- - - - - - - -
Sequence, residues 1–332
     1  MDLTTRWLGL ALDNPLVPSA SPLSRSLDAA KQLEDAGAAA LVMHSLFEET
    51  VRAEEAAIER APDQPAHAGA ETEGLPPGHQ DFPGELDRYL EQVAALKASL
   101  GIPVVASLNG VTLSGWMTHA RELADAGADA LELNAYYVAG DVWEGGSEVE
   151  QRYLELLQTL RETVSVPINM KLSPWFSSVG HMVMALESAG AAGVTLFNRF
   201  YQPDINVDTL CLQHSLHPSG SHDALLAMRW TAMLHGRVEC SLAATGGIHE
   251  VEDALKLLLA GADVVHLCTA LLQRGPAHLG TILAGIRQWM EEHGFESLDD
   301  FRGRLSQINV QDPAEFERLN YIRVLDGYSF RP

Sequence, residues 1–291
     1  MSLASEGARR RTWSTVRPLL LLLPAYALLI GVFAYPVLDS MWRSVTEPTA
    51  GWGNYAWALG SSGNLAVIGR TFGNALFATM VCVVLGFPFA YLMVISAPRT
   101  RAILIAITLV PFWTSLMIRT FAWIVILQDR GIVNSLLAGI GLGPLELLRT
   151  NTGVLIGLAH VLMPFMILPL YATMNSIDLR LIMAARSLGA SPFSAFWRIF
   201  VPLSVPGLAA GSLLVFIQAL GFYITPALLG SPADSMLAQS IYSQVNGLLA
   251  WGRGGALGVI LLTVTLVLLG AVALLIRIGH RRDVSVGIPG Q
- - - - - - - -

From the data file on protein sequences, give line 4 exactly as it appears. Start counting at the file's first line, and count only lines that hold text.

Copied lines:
   101  GIPVVASLNG VTLSGWMTHA RELADAGADA LELNAYYVAG DVWEGGSEVE